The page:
Women play an important role in the social and economic structure of any society but, even today in India, they are treated as second class citizens. Our patriarchal society propagates both gender-based discrimination and violence against women. There are enough reports to prove that every third woman in India faces domestic violence of various forms in the country. Their work also mostly goes unrecognised and unappreciated. Generally, they are paid less than their counterparts for the same kind and amount of work. These women need support to be able to stand up on their own feet. With increased awareness, more organisations have taken a step forward to help women in India.
Medical aid, maternal care, help against domestic violence are a few necessities that a lot of women still don’t have access to. One organisation can’t do this alone. Mentioned below are a few GiveAssured NGOs that are doing their bit to help women in India.
Jeepa Majhi, a young woman who was pregnant with her first child, lives in Rupen village, which is 32kms from the nearest maternal health clinic. The village has bad roads and poor mobile services. Due to a pre-existing anaemic condition, Jeepa had a high-risk pregnancy. When she developed labour pains at 2 a.m., her husband came to Swasthya Swaraj’s clinic asking for help. Chanchala, a nurse at the NGO travelled 7kms on foot and crossed over two rivers to get to Jeepa to the clinic in time, resulting in her safe and healthy delivery. Without the NGO’s help, both Jeepa and her baby could have lost their lives.
Swasthya Swaraj has set up a model community health program in the Thulamul Rampur Block-the most backward and underdeveloped part of Odisha. The programme focuses on health and education and is successfully active in 76 villages.
Bhagwan Dai Amma, a 55-year-old woman from Uttar Pradesh was found wandering in the streets with maggot-infested wounds in her feet and eyes. Her situation got worse until workers from Apna Ghar Ashram found her. They took her to three different hospitals to give her the care she needed. After three months, her wounds finally began to heal. Once she recovered, she decided to stay back in the Ashram and give back to those in need.
Apna Ghar Ashram’s vision is not to let anyone die due to ill health or lack of shelter. More than 50% of their residents have been rehabilitated. 458 men and 1004 women currently live in the Ashrams spread across 17 major cities. Apna Ghar Asharam was also awarded the State Award by the State Government as the Best Services Organisation.
Nazifa married a man she loved, who soon turned out to be abusive. Even after having a child with him, he hurt both her and her daughter. He forced her to be a surrogate mother for three childless couples. When he forced her to do it for the fourth time, she was worried for her life and approached Alpnalaya for help. The organisation convinced Nazifa to tell the story to someone she trusted. She told her brother who convinced her to leave her husband. Her husband left her alone only when Alpnalaya threatened him with legal action. She now has her job and lives at her brother’s house with her daughter.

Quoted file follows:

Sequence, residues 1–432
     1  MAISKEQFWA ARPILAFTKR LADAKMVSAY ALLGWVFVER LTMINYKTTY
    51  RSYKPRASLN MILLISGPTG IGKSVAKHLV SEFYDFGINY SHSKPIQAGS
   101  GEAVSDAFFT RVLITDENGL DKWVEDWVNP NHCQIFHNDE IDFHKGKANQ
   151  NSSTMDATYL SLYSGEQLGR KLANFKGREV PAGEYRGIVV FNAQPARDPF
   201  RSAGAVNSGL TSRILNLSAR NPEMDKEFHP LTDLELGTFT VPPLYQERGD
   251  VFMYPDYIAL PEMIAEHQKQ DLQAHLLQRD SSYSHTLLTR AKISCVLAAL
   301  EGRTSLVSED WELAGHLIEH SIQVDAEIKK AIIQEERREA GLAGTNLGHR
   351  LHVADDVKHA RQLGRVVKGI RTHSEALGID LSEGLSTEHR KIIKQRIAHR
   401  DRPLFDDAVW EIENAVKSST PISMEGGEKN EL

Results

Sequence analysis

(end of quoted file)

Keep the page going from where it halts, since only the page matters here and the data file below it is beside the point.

Started in 1973, Alpnalaya aims to empower the disadvantaged to overcome the social, political and economic barriers and help them lead a better quality of life. They provide sewing classes and train women who otherwise have not been given the choice or opportunity to engage in these activities. 209 women have economically benefited from Self Help groups organized by Apnalaya. In 2017, the NGO was awarded the Champion Level- GuideStar India Platinum for the highest levels of transparency and public accountability.
Lakshmi was married off at a young age of just 15 to a daily wage labourer. Her husband turned out to be an alcoholic and spent all their money. She raised her two sons and two daughters on her own. When her husband passed away, she moved in with her sons who soon began to physically abuse her. She was begging for food on the streets when a team member from Project Jeevan found her. Since then, Maitri has provided her with a safe home, good food, new clothes, and healthcare.
Since its inception in 2005, Maitri has worked with over 45,000 individuals on the issues of social and health problems and public health concerns through education, community outreach, networking, and legal advocacy. The organisation has been addressing the issue of violence against women, running a victim support program, and providing support to abandoned elderly widows in Vrindavan.
Bhagyashree was born into a poor family who discontinued her education at a young age. She hoped to be married off into a good family but her husband turned out to be abusive. Not only did he beat her regularly but also used to cheat on her with different women. She decided to leave her husband and contacted Gauravi, an organisation run by ActionAid India in collaboration with the Government of Madhya Pradesh. With the help of the organization, Bhagyashree studied Fashion Designing and now has plans to open her boutique.
ActionAid India is part of a global federation and a full affiliate of ActionAid International that has a presence in over 40 countries worldwide. Since 1972, the poor and the excluded have been at the centre of their programs in India. Gauravi is the first crisis centre set up in India with the help of the Department of Health in 2014 to provide rights to victims of domestic and sexual abuse. Currently, there are 22 Gauravi centres across the country and over 40,000 cases have been registered in the centres.
With the contributions that women pay not only to our economy but also to the proper functioning of our society, it is not just necessary, but imperative that we do everything in our power to ensure that these women get the rights and services they need.